From 1970s until Today

Western North Carolina Group Home for Autistic Persons, Inc. (known as WNC Group Homes) began in the mid-seventies with a group of parents and professionals who were concerned about what was going to happen to the adults and children with autism in our area as they and their parents aged. At that time in North Carolina, very few services existed for persons with developmental disabilities in a community setting. Residential services for individuals with complex needs were addressed only in state facilities like Western Carolina Center and Black Mountain Center.

Our agency’s first home--Ora Street Group Home--opened in October of 1984 for five male residents. This was only the eighth ICF/IID group home in the state. The Department of Housing and Urban Development (HUD) funded the construction of the home.

Rocking chair

In 1989, the Board of Directors decided to expand services to more individuals diagnosed with autism as the waiting list grew and North Carolina expanded community services. Two Certificate of Need (CON) applications were submitted. One allowed for the expansion of the Ora Street Group Home from five to six beds (effective in 1991). The second CON permitted WNC Group Homes to build and operate a second group home.

Since the state legislature diverted funds from Black Mountain Center to fund the development of community services, WNC Group Homes took advantage of these funds to build the Pisgah View Group Home. This second group home for the agency opened in 1991. Along with the Ora Street Group Home, the Pisgah View Group Home is intended to serve adults. However, these six adults--both male and female--are regarded as higher functioning individuals than those at the initial group home.

While the state continued the expansion of services to the type of individuals served by WNC Group Homes, the agency built two more group homes. The third group home--Kenmore Group Home--opened for boys and girls aged 7-13 in 1992. We expected their placement to be more intensive and shorter-term. The main goal was to provide children with a structured living setting to assist the child with decreasing some of the behaviors related to their autism, with a focus on returning them to their family home or other appropriate placement.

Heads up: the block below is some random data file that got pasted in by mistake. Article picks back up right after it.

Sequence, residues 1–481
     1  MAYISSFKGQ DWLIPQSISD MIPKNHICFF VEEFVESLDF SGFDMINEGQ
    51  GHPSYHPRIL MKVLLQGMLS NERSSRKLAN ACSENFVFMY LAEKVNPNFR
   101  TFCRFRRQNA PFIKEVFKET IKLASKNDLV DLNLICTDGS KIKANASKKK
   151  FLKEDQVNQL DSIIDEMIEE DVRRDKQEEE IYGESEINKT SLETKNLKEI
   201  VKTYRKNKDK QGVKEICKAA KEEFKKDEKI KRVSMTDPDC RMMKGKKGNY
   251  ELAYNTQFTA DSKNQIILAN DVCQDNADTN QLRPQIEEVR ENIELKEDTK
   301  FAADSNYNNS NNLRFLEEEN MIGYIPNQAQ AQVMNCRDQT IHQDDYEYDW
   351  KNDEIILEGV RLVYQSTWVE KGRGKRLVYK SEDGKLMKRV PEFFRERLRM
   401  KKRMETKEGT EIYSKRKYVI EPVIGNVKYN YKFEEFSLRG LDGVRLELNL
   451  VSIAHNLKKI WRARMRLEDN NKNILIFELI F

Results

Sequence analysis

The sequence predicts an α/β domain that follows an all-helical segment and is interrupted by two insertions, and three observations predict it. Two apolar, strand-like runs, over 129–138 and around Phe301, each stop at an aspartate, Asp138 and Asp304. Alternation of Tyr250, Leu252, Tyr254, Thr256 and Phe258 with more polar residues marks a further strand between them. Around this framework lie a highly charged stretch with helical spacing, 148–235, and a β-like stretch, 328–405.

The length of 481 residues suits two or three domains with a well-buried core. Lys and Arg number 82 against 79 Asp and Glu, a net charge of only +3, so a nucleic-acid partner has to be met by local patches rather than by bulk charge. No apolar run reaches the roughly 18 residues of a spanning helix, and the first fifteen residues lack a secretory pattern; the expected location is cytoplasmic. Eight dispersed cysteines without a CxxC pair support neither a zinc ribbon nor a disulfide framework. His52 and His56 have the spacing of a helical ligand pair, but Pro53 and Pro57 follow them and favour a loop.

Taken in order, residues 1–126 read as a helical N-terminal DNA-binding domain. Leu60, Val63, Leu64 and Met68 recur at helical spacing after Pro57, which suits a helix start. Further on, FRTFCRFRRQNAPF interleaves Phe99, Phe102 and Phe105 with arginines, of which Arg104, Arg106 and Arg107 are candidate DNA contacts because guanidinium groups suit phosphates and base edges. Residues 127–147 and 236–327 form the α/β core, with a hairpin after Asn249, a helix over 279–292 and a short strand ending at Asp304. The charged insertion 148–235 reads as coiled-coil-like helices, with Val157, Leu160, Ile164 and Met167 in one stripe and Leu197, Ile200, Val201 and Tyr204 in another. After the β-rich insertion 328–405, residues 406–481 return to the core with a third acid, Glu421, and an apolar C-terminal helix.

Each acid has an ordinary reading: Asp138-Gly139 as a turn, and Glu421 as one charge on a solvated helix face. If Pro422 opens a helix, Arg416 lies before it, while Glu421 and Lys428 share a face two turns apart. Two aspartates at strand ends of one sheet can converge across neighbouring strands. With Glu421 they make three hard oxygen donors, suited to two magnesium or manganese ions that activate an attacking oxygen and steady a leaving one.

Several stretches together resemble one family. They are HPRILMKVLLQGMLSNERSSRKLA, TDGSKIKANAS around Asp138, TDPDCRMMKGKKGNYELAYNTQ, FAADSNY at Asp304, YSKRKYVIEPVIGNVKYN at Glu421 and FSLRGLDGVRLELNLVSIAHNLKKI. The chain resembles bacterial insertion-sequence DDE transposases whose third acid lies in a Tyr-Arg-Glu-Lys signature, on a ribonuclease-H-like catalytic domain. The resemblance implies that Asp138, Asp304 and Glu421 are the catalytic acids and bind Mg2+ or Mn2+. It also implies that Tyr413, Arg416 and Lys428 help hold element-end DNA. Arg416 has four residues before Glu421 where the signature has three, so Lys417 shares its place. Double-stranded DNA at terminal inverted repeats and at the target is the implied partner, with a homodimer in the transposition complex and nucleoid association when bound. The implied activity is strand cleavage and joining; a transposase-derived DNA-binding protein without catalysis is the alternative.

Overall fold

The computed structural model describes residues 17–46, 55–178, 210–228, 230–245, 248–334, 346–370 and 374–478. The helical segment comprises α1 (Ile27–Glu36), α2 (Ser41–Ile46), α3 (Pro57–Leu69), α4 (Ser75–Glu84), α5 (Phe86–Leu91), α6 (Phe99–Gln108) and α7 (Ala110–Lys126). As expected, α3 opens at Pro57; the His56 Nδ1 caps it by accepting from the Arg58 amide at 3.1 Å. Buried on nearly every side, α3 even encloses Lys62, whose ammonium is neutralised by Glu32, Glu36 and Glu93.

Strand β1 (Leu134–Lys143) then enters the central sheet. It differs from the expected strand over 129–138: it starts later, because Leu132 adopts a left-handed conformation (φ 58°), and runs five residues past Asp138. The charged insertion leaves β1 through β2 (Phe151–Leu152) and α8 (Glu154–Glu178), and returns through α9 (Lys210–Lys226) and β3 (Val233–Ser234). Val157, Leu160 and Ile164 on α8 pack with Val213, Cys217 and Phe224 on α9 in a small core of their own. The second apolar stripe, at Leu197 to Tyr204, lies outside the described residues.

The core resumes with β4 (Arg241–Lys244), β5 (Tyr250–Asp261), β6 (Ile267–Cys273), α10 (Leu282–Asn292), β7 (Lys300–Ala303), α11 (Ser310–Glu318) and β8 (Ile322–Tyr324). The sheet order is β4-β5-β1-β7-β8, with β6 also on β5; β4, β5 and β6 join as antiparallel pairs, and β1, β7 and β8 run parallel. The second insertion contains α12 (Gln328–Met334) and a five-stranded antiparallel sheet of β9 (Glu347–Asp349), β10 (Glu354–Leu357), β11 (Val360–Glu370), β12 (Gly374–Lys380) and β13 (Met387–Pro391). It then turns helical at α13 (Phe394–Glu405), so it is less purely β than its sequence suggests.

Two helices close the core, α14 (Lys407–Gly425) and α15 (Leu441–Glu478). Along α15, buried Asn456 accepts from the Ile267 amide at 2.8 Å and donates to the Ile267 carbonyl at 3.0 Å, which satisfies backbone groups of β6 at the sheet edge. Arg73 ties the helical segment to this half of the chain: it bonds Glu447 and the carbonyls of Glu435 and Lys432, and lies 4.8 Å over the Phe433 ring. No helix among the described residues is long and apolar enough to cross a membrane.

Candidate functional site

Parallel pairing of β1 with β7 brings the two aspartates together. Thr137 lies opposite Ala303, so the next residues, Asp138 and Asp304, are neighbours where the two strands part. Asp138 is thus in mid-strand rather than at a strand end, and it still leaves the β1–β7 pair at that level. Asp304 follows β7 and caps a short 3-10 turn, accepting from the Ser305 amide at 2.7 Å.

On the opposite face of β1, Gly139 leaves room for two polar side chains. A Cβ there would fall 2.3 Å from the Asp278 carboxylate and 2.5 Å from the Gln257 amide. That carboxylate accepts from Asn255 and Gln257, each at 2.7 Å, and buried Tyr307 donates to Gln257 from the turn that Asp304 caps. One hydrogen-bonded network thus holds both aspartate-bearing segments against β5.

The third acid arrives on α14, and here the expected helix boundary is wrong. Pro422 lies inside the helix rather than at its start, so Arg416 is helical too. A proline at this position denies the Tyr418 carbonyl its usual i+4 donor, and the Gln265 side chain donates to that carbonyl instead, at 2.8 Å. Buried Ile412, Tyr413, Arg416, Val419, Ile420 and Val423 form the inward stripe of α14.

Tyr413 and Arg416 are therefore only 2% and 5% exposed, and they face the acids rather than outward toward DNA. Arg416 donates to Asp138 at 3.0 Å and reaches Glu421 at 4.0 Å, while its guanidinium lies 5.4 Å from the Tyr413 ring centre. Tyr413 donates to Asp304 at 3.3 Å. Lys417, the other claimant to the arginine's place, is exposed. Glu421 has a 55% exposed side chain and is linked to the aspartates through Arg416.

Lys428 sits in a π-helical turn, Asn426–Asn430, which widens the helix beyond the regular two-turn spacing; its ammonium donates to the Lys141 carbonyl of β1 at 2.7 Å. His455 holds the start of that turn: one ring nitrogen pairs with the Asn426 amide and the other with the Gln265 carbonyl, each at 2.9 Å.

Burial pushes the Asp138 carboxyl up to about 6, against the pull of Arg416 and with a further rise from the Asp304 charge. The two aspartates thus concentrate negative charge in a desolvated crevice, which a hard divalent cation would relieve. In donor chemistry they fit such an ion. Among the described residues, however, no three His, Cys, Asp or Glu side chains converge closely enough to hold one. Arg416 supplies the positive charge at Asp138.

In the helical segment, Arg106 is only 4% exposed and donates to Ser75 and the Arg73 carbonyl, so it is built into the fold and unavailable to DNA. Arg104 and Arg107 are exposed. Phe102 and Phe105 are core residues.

The fourth group home, initially licensed as the Pine Spring Group Home, began serving a coed population of very high functioning adults in 1994. As a Developmentally Disabled Adult (DDA) group home, funding differs significantly from the other ICF/IID group homes. The residents must address all their own self-help needs and independently manage their time. Generally, these residents work in the community. Frequently, only one staff person is available at the home--in contrast to the much higher staff to resident ratio maintained at the ICF-IID group homes.

The fifth group home opened in 1995 for five male and female adolescents. The Montford Group Home serves individuals from 13 to 18 years of age (or until age 21 if they are still in school). While providing the least restrictive setting possible, our goal is to prepare these residents for adult life. Some residents spend a few years and return to a family home, while others stay until they age out.

From 2001 through 2005, our agency witnessed a decline in requests for admission for children and adolescents. North Carolina ceased the licensing of new ICF/IID group homes, and increased community-based services such as the CAP and CBS service provisions. With these factors in mind, the Board of Directors chose to request a modification of the original Certificate of Need for both the Kenmore Group Home and the Montford Group Home. We received permission to increase the admission age for applicants as well as “age up” the homes. Consequently, Kenmore Group Home now serves adolescents and young adults while Montford Group Home serves older adolescents and young adults.

Gwen Rash memorial plaque

After one of our longer-term employees died in 2006, the Board of Directors voted to recognize her contributions to WNC Group Homes as well as the residents of the Pine Spring Group Home. Thus, the agency's fourth group home became the Gwen Rash Memorial Group Home.

During 2010 we built a replacement group home for the residents of Montford Group Home. This newest home is located on Kenmore Streeet, next to the Kenmore Group Home.